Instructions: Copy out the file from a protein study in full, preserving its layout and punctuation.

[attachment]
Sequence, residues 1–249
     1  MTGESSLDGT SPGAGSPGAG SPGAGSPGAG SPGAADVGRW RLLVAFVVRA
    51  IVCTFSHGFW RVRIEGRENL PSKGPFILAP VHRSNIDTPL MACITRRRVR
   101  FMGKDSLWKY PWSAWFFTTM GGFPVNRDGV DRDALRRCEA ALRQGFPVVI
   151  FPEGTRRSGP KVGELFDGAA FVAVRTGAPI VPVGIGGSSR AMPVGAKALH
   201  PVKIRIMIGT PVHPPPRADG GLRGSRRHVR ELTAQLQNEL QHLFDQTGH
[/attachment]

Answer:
Sequence, residues 1–249
     1  MTGESSLDGT SPGAGSPGAG SPGAGSPGAG SPGAADVGRW RLLVAFVVRA
    51  IVCTFSHGFW RVRIEGRENL PSKGPFILAP VHRSNIDTPL MACITRRRVR
   101  FMGKDSLWKY PWSAWFFTTM GGFPVNRDGV DRDALRRCEA ALRQGFPVVI
   151  FPEGTRRSGP KVGELFDGAA FVAVRTGAPI VPVGIGGSSR AMPVGAKALH
   201  PVKIRIMIGT PVHPPPRADG GLRGSRRHVR ELTAQLQNEL QHLFDQTGH